Some also experienced hardship even though they had a good level of English and had a locally recognised qualification.

In this report, nearly half of respondents had over 10 years work experience prior to arriving in Australia and 65% were confident in speaking and writing English. 56% found it difficult to locate information about education and training options and 74% found it difficult to get the right support to find a job.

We found that women faced additional barriers and that many participants had been unable to find employment after several years in Australia.

Right now, Australia has one of the lowest unemployment rates it has seen for a long time and employers are crying out for workers, yet HOST is working with job seekers who can not secure an interview.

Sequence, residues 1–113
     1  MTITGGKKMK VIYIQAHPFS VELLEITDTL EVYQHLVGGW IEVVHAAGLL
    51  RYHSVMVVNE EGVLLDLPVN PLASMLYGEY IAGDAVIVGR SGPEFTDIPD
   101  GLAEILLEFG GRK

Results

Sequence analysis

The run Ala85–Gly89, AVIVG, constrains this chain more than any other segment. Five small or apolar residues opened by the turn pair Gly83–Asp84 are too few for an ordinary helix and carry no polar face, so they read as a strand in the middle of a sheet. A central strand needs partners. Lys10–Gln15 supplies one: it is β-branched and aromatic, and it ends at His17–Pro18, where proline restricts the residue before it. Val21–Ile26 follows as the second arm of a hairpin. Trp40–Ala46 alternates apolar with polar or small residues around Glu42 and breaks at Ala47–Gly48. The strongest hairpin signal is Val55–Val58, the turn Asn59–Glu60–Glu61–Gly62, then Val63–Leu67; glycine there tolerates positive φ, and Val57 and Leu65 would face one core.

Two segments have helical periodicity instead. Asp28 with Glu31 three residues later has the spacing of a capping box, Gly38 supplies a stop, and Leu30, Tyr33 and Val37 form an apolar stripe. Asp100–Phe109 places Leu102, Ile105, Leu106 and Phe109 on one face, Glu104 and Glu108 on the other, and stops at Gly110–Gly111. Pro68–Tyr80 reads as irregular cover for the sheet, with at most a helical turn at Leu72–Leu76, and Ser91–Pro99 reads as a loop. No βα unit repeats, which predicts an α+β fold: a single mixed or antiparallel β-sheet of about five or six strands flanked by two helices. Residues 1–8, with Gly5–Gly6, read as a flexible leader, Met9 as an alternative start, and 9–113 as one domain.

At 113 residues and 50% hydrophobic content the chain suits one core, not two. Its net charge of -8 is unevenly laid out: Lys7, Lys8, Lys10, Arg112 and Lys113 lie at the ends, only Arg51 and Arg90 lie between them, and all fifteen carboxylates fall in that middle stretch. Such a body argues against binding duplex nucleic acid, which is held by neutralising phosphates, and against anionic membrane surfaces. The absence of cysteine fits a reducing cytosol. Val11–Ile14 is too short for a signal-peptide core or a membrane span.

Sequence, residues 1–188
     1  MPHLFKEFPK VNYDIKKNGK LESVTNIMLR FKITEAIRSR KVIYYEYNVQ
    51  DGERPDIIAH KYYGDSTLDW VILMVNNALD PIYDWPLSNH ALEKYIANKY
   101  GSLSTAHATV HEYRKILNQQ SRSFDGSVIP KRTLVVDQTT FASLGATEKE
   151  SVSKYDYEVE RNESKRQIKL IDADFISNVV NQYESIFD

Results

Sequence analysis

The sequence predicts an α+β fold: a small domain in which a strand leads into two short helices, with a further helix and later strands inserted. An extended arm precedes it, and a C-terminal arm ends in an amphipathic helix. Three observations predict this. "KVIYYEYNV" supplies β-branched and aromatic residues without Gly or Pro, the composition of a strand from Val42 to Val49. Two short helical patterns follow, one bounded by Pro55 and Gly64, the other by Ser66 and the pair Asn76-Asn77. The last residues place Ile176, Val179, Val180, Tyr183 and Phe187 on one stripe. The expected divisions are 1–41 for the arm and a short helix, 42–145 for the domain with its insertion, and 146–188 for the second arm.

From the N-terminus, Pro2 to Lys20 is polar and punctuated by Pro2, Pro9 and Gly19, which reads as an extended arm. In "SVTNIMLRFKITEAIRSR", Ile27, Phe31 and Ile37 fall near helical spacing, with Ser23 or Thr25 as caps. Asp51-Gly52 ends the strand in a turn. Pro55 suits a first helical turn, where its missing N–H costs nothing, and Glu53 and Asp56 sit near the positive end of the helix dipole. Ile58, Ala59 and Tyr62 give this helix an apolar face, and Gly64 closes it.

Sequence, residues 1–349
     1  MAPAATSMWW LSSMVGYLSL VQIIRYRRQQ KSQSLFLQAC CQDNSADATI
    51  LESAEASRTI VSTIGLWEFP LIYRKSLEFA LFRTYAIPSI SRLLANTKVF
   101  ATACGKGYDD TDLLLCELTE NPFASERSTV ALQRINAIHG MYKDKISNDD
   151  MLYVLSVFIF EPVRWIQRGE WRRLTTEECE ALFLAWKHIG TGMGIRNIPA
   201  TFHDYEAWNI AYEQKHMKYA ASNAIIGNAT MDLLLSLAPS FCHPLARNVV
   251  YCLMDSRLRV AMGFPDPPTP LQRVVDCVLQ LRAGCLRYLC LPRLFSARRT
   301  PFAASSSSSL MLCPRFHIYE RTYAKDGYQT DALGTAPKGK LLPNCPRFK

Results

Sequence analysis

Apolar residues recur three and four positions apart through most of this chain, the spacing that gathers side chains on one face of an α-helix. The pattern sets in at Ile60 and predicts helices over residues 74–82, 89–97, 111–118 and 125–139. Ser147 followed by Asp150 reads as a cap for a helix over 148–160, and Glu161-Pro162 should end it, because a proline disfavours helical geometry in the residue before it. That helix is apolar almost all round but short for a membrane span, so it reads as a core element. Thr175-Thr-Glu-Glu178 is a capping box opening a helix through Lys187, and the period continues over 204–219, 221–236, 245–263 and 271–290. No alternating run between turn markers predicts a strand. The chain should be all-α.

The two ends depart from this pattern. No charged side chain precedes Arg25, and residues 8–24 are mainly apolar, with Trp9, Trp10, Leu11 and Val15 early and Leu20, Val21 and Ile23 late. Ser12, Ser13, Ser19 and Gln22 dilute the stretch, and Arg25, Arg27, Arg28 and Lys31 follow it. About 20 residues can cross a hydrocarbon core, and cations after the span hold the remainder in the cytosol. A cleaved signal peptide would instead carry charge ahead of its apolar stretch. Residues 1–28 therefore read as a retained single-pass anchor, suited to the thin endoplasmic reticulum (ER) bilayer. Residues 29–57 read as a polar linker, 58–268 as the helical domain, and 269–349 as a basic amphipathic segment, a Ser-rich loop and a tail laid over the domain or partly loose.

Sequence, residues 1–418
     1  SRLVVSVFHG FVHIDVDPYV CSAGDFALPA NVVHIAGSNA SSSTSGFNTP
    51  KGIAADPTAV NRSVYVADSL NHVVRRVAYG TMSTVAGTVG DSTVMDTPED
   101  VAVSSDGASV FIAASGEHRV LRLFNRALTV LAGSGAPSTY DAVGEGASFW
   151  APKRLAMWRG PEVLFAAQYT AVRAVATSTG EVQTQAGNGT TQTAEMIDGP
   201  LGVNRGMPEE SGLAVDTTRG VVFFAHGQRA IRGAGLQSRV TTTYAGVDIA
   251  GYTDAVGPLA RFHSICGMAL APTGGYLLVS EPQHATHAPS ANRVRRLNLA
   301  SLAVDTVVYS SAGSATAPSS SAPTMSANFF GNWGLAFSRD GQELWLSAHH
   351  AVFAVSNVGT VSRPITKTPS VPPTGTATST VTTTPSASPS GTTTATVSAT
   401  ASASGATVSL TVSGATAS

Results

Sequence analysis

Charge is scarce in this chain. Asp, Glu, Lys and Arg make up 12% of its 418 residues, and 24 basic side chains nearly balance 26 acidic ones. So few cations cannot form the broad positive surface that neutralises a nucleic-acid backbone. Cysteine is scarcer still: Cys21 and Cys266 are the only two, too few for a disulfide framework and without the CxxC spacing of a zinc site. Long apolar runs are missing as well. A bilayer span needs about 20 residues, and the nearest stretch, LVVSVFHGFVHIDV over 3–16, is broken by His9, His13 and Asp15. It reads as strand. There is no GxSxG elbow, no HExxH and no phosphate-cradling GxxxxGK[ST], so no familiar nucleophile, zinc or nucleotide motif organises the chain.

So, what is the solution?

HOST International has been working with migrants and refugees to help them secure employment in cities and regional communities throughout Australia since 2019.

During this time, we have developed a targeted model that aims to respond to the specialised needs of refugees as they settle into Australia.

We are currently building an evidence base around this work through an independent evaluation supported by the University of NSW in Sydney.

Our experience tells us that refugees need assistance in three core domains:

  1. Job seeking skills – learning how to best identify and prepare for job opportunities in the market including social media profiles and interview preparation